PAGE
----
Oh and I also uninstalled Orb before connecting to the internet

Running XP as well

#3 boopme

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Posted 26 February 2011 - 11:37 PM

Hello, the first thing is about the zbot this is a backdoor infection.

One or more of the identified infections is a backdoor trojan.

This allows hackers to remotely control your computer, steal critical system information and download and execute files.

I would counsel you to disconnect this PC from the Internet immediately. If you do any banking or other financial transactions on the PC or if it should contain any other sensitive information, please get to a known clean computer and change all passwords where applicable, and it would be wise to contact those same financial institutions to apprise them of your situation.

Though the trojan has been identified and can be killed, because of it's backdoor functionality, your PC is very likely compromised and there is no way to be sure your computer can ever again be trusted. Many experts in the security community believe that once infected with this type of trojan, the best course of action would be a reformat and reinstall of the OS. Please read these for more information:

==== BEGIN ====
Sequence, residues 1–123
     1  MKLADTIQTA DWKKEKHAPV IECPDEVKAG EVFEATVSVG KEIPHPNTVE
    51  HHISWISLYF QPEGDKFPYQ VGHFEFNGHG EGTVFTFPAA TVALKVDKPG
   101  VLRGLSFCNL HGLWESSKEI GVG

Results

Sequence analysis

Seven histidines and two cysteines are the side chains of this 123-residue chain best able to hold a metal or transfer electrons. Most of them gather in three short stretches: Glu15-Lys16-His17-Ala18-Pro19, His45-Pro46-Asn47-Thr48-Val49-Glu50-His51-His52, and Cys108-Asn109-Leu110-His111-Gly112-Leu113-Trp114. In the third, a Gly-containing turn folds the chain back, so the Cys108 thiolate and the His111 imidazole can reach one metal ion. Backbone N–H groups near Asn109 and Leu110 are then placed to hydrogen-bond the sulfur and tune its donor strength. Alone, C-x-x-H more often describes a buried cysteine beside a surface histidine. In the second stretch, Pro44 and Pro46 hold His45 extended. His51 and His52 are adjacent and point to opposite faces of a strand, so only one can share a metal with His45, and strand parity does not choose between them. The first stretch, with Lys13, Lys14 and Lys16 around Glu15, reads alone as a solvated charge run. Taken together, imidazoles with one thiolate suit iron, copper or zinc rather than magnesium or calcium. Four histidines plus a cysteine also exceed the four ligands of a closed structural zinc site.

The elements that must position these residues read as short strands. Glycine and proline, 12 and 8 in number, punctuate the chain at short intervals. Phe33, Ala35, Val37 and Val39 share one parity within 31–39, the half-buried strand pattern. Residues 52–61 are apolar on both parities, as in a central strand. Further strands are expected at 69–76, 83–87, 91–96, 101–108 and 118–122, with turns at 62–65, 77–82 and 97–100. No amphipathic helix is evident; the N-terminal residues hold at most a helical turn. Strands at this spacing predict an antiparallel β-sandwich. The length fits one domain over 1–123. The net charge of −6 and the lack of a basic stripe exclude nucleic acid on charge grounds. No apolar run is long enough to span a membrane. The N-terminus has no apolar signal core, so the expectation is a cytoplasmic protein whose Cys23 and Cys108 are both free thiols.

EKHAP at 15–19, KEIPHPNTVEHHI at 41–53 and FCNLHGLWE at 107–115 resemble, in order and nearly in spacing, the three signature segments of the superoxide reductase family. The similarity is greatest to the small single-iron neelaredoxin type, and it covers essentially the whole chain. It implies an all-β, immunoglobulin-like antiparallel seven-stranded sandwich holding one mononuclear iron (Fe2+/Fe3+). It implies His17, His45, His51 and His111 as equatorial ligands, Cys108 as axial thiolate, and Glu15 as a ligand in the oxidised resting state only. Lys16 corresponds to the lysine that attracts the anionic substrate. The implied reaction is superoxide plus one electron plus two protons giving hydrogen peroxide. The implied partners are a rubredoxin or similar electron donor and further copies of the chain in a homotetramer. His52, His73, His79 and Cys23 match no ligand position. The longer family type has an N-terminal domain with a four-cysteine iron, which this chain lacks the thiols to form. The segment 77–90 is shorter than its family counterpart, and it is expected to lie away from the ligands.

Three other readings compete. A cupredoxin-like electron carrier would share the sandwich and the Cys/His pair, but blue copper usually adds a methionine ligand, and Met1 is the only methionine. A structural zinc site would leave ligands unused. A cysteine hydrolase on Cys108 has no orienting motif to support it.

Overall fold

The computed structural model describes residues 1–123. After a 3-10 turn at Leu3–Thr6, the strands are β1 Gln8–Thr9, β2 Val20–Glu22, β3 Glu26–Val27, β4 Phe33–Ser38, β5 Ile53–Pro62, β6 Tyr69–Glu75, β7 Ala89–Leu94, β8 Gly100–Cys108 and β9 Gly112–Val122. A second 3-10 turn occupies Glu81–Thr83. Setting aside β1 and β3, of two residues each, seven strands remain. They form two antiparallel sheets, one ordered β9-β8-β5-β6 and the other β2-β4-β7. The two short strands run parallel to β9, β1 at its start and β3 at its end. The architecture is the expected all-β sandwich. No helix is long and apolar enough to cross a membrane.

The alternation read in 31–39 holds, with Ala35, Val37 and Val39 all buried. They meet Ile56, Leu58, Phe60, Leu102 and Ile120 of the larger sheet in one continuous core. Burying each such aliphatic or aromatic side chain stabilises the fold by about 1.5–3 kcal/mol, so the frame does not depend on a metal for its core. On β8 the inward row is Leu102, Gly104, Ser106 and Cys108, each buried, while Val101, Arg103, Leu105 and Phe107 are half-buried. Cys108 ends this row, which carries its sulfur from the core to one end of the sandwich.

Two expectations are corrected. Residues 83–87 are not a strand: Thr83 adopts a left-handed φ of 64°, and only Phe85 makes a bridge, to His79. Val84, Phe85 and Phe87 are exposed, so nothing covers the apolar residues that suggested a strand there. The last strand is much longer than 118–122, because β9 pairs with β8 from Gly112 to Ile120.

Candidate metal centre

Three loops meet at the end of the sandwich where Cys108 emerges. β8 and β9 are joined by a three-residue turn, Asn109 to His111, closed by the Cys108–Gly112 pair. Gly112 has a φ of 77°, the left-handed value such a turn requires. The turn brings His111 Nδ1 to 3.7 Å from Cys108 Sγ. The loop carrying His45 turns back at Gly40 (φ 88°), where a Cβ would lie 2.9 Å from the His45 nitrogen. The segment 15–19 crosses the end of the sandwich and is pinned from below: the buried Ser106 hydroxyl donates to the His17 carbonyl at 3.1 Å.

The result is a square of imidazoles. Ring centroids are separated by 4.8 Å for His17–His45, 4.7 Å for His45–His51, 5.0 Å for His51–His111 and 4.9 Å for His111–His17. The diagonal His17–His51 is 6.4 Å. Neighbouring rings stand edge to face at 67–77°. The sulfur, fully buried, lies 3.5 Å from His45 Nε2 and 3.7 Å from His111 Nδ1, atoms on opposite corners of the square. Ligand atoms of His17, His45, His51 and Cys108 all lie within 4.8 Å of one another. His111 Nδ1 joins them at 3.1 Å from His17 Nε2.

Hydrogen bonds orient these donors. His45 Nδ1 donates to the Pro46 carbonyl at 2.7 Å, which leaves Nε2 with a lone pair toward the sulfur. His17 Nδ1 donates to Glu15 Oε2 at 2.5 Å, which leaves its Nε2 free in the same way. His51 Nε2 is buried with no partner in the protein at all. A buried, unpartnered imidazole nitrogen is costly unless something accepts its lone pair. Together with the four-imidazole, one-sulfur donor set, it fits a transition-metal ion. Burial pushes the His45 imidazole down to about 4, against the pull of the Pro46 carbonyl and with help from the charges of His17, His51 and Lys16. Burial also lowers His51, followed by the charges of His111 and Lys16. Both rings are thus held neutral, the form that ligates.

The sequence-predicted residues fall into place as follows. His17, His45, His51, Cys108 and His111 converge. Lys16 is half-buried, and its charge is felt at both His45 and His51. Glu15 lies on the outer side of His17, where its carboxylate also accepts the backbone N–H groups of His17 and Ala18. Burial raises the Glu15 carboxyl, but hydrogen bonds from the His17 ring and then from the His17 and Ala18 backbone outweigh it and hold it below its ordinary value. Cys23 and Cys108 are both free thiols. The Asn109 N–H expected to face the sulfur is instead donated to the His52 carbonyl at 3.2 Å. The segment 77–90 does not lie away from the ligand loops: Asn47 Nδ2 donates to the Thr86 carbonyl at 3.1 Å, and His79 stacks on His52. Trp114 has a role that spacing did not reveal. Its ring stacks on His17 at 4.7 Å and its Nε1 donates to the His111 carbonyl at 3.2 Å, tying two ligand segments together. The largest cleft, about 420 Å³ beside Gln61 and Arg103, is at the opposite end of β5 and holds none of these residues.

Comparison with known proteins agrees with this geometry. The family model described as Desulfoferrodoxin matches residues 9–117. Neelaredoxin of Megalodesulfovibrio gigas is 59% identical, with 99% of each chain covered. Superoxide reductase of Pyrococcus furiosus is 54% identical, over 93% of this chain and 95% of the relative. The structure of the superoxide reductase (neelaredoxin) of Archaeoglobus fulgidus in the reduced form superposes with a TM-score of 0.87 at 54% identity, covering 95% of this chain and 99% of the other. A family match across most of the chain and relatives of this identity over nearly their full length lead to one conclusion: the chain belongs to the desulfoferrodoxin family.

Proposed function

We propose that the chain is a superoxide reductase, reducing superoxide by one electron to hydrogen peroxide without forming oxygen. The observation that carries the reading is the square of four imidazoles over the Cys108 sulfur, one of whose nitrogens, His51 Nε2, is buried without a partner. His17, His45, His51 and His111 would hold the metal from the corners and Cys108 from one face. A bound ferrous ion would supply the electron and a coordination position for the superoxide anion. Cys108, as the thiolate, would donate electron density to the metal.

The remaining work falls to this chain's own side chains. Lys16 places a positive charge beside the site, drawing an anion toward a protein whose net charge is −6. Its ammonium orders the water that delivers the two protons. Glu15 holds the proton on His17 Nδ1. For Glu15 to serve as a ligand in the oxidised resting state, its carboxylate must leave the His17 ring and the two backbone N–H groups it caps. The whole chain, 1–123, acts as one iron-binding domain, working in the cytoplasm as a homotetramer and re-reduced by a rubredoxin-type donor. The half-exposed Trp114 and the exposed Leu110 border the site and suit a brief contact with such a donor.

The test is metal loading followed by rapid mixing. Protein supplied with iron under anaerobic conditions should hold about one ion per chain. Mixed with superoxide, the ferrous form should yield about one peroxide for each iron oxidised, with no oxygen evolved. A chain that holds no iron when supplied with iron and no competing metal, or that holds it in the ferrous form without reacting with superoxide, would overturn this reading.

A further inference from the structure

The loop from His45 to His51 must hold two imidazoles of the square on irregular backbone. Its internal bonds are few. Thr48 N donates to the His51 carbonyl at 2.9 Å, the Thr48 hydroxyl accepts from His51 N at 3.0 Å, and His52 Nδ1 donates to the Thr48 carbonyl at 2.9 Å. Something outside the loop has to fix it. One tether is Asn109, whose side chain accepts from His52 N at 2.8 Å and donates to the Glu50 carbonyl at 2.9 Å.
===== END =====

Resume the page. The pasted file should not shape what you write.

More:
How Do I Handle Possible Identify Theft, Internet Fraud and CC Fraud?
When Should I Format, How Should I Reinstall

We can still clean this machine but I can't guarantee that it will be 100% secure afterwards. Let me know what you decide to do.


To clean the next step is..

Please download the TDSS Rootkit Removing Tool (TDSSKiller.exe) and save it to your Desktop. <-Important!!!